In a publishing listserv discussion, triggered by the planned shutdown of Washington Post’s BookWorld, I contributed to a discussion about how the franchise in The New York Times Sunday Book Review (TBR) could be preserved. One suggestion was that the section be spun out of the paper as a separate business which, it was hoped, could provide the focus and flexibility to enable it to thrive.
But, of course, TBR already does have a sale outside the Times itself, both as a separate subscription product and as a stand-alone purchase available in many, if not most, bookstores.
Distributing TBR inside the Sunday Times is “inefficient” in some ways because most purchasers of the Sunday Times don’t crack every section. So they’re printing (and distributing, although bundled with the paper, distribution costs are relatively low) many copies that don’t get read and that advertisers wouldn’t want to pay for. The dedicated subs and bookstore sales, on the other hand, are to an audience that is focused on the TBR content.
Any steps to be taken, though, occur within the context of declining print advertising in general and almost no print advertising done by publishers. And the Times has probably already lost the battle for online book reader community to LibraryThing, Shelfari, and others, which would have been where TBR could have had a big head start five years ago.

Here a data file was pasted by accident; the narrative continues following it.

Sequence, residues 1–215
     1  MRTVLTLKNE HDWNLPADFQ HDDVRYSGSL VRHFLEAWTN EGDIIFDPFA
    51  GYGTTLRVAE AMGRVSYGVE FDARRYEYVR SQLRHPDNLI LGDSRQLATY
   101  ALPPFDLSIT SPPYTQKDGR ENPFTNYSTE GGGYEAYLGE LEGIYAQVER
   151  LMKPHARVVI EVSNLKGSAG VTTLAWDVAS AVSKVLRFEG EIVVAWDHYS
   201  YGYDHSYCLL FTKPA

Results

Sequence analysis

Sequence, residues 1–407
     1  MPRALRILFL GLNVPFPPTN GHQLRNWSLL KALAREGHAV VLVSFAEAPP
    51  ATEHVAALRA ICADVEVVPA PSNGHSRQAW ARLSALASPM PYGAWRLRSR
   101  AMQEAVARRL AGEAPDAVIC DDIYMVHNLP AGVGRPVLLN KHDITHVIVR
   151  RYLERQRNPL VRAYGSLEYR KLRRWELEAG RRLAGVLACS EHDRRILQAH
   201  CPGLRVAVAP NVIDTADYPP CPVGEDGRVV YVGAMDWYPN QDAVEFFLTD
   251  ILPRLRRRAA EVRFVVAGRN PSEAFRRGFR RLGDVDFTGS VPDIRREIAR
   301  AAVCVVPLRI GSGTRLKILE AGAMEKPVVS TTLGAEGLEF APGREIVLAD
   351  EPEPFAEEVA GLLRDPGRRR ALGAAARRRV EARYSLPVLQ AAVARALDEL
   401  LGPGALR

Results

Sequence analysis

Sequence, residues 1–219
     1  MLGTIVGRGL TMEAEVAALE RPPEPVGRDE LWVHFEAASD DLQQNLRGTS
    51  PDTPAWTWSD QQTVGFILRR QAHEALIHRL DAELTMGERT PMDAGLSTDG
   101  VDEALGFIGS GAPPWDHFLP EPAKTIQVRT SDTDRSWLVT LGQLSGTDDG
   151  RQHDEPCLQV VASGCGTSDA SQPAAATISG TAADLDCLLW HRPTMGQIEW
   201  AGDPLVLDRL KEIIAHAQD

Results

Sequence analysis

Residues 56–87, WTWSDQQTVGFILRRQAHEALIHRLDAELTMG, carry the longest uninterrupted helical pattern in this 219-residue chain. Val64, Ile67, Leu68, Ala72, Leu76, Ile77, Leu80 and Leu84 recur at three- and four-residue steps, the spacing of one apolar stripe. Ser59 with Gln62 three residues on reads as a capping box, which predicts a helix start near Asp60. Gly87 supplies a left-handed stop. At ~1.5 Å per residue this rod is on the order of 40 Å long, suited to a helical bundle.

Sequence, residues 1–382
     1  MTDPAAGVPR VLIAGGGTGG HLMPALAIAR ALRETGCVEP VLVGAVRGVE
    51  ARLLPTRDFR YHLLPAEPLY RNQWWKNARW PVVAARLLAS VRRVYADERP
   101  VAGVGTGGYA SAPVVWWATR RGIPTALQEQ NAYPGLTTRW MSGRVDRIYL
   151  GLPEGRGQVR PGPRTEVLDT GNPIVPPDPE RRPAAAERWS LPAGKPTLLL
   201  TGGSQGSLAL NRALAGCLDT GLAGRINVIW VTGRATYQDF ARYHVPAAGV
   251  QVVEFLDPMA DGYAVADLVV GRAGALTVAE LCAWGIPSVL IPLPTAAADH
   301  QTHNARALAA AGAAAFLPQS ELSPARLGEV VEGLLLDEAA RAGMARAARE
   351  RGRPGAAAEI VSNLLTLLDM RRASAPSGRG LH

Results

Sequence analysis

It isn’t really surprising that the Times wouldn’t have seen it that way five years ago, or even three years ago. After all, the upstarts that have eclipsed it online had no prior business model to defend. They were financed by the 2.0 investment boom to try a new model of social engagement around books. They didn’t have a legacy business to confuse them while it sustained them. That’s an old story, like the railroads being displaced by airlines because they didn’t know they were in the “transportation business.” But this case is another example of how verticality on the web trumps the horizontal content delivery models of the 20th century.
This morning’s news suggests that The Times is defending a legacy position to its detriment even now. Michael Cairns observes
that the Times released an API of their bestseller lists, but didn’t think to include the reviews
of all those books! He’s right that it is an enormous lost opportunity. Whether the right strategy today is to compete with the other book communities or to join them, it would be pretty damn important to push out the reviews!